The Consumer Financial Protection Bureau (CFPB) recently issued a proposed rule to create a new category of Seasoned Qualified Mortgages (QMs). The proposal seeks to “encourage safe and responsible innovation in the mortgage origination market” by allowing an alternative pathway to the qualified mortgage safe harbor.
By way of background, the Dodd-Frank Act amended the Truth in Lending Act (TILA) to establish ability-to-repay (ATR) requirements for most residential mortgage loans. TILA specifies the factors a creditor must consider in making a reasonable and good-faith assessment of a consumer’s ATR. TILA also defines qualified mortgages as a category of loans that are presumed to comply with the ATR requirements. Regulation Z, TILA’s implementing regulation, requires creditors to make a reasonable good-faith determination of a consumer’s ability to repay any residential mortgage loan, and loans that meet Regulation Z’s requirements for QMs must obtain certain protections from liability.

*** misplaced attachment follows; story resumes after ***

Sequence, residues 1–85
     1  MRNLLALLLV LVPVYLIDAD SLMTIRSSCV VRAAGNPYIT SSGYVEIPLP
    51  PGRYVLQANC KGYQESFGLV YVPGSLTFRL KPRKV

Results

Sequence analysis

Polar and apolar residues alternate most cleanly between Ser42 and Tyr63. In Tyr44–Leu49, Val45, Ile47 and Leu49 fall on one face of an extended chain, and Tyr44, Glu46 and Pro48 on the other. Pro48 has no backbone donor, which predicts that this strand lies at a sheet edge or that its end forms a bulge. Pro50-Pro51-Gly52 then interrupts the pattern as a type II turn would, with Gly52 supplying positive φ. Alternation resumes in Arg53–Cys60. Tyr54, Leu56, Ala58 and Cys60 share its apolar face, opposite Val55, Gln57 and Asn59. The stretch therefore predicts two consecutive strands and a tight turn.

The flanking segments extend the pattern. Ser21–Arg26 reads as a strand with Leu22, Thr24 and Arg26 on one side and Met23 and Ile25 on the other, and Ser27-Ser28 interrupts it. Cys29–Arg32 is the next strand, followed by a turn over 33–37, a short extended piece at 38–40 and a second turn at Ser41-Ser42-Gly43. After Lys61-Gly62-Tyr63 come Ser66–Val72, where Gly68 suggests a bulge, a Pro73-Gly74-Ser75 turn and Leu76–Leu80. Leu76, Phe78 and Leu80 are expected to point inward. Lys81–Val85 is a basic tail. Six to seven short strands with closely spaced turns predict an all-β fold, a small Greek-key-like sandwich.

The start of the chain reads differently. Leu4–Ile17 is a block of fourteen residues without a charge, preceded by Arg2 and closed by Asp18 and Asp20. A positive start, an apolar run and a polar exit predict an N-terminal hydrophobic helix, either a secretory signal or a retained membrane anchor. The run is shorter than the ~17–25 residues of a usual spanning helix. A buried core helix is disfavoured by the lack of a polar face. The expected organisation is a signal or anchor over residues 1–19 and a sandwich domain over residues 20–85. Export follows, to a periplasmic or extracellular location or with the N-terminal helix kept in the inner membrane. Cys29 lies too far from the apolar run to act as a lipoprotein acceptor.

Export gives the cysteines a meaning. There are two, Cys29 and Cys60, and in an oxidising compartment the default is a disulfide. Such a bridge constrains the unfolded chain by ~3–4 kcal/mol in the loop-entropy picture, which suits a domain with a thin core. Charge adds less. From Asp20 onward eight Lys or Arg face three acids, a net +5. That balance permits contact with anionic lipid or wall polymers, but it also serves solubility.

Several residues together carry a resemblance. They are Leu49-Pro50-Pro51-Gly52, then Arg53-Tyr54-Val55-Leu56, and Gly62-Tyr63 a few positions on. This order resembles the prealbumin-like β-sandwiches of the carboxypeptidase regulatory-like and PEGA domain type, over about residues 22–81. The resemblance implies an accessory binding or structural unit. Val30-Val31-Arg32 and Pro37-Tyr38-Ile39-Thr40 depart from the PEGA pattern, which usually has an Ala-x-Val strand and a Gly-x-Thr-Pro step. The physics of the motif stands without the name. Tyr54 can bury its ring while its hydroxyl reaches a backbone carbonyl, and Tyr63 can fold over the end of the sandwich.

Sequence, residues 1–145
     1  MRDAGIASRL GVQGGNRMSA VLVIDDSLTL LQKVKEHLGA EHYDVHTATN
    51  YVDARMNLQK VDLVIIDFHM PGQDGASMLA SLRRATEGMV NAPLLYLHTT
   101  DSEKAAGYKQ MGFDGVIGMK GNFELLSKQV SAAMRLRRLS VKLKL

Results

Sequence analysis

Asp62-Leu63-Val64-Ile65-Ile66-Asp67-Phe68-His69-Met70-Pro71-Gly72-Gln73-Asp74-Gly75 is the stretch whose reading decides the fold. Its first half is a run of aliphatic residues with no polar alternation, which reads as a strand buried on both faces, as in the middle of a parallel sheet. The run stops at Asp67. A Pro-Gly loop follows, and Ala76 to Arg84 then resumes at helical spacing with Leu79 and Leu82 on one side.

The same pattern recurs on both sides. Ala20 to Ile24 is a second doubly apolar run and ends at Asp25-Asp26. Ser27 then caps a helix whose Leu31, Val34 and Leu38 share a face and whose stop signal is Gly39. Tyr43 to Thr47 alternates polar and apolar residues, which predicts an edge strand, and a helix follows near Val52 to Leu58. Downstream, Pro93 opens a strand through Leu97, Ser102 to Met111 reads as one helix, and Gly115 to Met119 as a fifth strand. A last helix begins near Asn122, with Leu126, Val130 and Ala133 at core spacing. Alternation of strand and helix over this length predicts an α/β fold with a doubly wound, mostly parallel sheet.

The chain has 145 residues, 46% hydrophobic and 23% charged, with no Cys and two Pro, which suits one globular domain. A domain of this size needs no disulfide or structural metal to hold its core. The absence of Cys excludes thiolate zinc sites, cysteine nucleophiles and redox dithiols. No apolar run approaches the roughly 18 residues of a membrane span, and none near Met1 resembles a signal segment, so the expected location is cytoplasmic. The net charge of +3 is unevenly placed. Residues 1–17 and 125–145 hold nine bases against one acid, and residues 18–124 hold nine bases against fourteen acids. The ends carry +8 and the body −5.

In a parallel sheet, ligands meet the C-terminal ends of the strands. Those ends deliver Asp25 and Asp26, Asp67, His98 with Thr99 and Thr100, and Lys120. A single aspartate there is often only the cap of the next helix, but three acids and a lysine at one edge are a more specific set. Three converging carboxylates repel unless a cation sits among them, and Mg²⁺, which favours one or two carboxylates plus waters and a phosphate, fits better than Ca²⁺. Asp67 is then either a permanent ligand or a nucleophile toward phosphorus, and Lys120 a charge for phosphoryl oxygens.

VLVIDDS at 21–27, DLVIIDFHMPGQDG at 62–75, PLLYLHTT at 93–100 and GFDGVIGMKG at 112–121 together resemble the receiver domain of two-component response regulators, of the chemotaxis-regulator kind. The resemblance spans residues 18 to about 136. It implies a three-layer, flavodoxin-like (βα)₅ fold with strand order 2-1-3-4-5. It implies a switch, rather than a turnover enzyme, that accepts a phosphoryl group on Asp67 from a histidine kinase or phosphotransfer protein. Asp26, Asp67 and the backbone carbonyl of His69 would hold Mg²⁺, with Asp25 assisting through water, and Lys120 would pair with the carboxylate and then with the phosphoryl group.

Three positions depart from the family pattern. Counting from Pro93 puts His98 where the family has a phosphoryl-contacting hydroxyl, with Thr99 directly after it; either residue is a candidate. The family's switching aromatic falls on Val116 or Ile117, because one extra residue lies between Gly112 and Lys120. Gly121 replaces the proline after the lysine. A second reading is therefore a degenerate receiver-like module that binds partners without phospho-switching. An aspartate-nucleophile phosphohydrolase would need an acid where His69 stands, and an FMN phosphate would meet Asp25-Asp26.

Under the CFPB’s new proposal, only certain loans are eligible to become Seasoned QMs. Specifically, in order for a loan to be eligible to become a Seasoned QM,
- The loan must be secured by a first lien;
- The loan must have a fixed rate, with fully amortizing payments and no balloon payment;
- The loan term does not exceed 30 years; and
- The total points and fees do not exceed specified limits.
After origination, the loan would then have to be held in the originating lender’s portfolio for a 36-month seasoning period and meet certain underwriting requirements. Seasoned QMs would only be available for loans that have no more than two 30-day delinquencies and no delinquencies of 60 or more days as of the end of the seasoning period.
Under the proposed rule, a loan would receive a safe harbor from ATR liability as a Seasoned QM at the end of the 36-month seasoning period if it satisfies such product restrictions, points-and-fees limits, and underwriting requirements, and if it meets such performance and portfolio requirements during the seasoning period.
The proposed rule may encourage creditors to lend to consumers with less traditional credit profiles and income sources at an affordable price based on a determination of the consumer’s ability to repay their mortgage.
We can expect a final ruling within the next year. Note that any final rule that becomes effective may vary significantly from the proposed rule, based on comments submitted from industry participants.